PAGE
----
Although technically on the side of Good, Bellec is however the kind of person who will easily resort to violence and will not hesitate to put anyone whom he considers dangerous for the brotherhood's cause out of the picture, no matter the means. Killing Mirabeau is a great example of this, but framing Elise is the most characteristic and extreme. On a allegorical level, Bellec yearns for Arno and by extension for what he stands for: the ever-charming, free-spirited and proud people of France. There is a subtle hint of physical attraction from his part as well, if you notice certain nuances in his speech and his eyes on specific occasions while he is talking to Arno, something that works symbolically to further highlight Bellec's urge to have his way because he believes that it is the best for the Brotherhood and France. Both on a personal and a symbolic level, he longs to conquer Arno's free spirit and own control over it, by attempting to make him succumb. Bellec is a very interesting, multi-levelled character who may be essentially Arno's mentor and guardian, but at the same time he is trying to patronize him and make him reject whomever diverts him from his course, essentially Elise. In Bellec's eyes, Elise, being a Templar, is an enemy by default but mainly she is the only one capable of taking Arno away from him. And this is exactly where Bellec makes the biggest mistake, when he attempts to turn Arno against Elise and when this fails, he even goes as far as to threaten to kill her before Arno's eyes, not taking into consideration that Elise is a person not only very dear to Arno but she also grew up with him and they learned to love and care for each other with a very special bond which cannot be easily broken, and which essentially goes beyond the two of them belonging to opposite sides.

If Arno represents the spirit of France, Elise stands for France as a notion, nodding to Marianne, the symbol of the French democracy. Regardless, being a Templar, Elise is considered an enemy because France has many times sided with not so good forces for a purpose. As an individual, she is somewhat frivolous, and even got to the point when she consciously cheated on Arno. Arno, as the people, is always pure and faithful to her - and, by extension, to his homeland - and will choose to consciously forgive her unfaithfulness. Just like Kyra in Assassin's Creed: Odyssey, Elise is on the hunt for the man who harmed her family and she is driven by her desire for revenge. But unlike with Kyra's case, which is very personal, in Elise's case things are far more complex. In the end, Elise leaves Arno to die so as to kill Germain, the silversmith who was revealed to be the Grand Master of the Templars and also the man who had her father murdered, and Arno is saved only thanks to his will to rush and help her. Because people are always ready to die for their homeland, but the homeland does not always  appreciate this sacrifice. Being an allegory of France both as physical presence and spirit, Elise cannot exist without Arno, therefore the people of France; when during the dramatic finale of the story Elise decides to act alone, her fatal choice leads to her brutal and untimely death. While Arno - the people, therefore the spirit and soul of the nation - manages to survive and subsequently move on.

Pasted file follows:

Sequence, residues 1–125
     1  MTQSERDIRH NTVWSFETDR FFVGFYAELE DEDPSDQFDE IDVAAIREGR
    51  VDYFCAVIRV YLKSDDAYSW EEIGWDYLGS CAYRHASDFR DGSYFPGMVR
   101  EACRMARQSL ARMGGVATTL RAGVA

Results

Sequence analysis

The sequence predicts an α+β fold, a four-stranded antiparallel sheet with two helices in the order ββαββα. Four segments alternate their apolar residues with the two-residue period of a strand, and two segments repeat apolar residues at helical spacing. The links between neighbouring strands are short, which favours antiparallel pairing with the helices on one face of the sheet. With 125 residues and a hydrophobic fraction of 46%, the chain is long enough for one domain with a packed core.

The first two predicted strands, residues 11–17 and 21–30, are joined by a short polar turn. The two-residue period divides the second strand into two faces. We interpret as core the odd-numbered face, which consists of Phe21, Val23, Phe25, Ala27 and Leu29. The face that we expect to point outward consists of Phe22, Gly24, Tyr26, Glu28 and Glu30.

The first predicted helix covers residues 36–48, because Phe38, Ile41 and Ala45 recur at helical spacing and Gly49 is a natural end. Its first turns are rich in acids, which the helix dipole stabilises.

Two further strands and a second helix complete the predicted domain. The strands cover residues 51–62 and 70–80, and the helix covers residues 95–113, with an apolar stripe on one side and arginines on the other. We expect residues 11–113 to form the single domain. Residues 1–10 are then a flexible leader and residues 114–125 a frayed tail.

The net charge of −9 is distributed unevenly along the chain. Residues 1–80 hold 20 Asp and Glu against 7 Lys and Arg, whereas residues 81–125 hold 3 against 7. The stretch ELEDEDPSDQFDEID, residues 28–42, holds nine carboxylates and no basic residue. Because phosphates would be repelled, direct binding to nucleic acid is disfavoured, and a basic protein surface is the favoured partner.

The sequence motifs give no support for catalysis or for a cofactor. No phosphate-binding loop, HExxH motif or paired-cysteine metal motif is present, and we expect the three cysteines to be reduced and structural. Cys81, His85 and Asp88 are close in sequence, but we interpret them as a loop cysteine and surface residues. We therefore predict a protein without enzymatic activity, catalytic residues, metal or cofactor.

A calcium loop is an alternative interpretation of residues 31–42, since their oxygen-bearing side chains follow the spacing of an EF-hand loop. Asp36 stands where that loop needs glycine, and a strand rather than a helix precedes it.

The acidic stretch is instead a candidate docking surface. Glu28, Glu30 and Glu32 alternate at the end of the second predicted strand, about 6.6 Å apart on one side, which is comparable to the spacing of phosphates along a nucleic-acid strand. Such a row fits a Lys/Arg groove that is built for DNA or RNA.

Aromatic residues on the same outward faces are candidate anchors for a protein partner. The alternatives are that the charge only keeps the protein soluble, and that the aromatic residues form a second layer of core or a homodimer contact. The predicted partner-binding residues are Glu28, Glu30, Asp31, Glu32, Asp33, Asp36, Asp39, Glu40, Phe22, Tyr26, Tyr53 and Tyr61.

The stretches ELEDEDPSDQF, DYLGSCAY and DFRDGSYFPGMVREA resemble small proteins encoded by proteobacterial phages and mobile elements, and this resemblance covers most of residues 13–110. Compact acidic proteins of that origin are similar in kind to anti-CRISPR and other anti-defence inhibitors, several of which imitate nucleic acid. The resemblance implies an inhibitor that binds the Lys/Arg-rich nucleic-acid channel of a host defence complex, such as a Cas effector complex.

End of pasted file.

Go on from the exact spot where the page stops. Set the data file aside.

But Elise had shown signs of controlled cruelty before, when during hers and Arno's encounter with Robespierre she did not hesitate to heavily wound the latter by shooting him in the face, resulting in him being unable to defend himself and subsequently getting arrested. We know that this is something that Arno would never do, but this spot-on scene is exactly and essentially where we clearly see the line that is drawn between the Templars and the Assassins in the saga's lore. No matter how fair and just De La Serre was, no matter how well he raised Elise, both he and his daughter never ceased to be Templars. As an Assassin, Arno would have resorted to less violent means to extract the truth from Robespierre, more so since they needed him alive in order to be able to give them the information they were seeking.

Unity is very unique in its universe because it takes place during a particularly dark and grim period of history, and this is something that, although it had potential to have been explored even more thoroughly in the game, is still a well-depicted element that exists both in the story and the overall atmosphere, hovering like an ominous aura. The overcrowded streets of Paris look stressing and painful to navigate, especially when you are in a hurry, but at the same time this feature highlights the tension, anguish and excitement of the revolution, additionally giving off a constant feeling that things can very well shoot up to extremes at any given moment. There is an overwhelming uneasiness in the central streets, coming to contrast with individual scenes of leisure in high-class cafes and forgotten secluded suburb yards, all this accentuated by the constant presence of swarming crowds around crucial areas of political and social interest, with random scenes of high society citizens getting abruptly arrested by extreme patriots, civilians carrying heads on pikes and parading in the streets, soldiers in panic trying to restore a long-lost order the idea of which has already become too complex and vague, as Arno wanders around a Paris that never ceased to be battered by a succession of extremities - first an absolute, relentless and cruel monarchy, then the explosion of the Revolution and its unavoidable aftermath, followed by the bleak, gloomy years of Robespierre's Reign of Terror.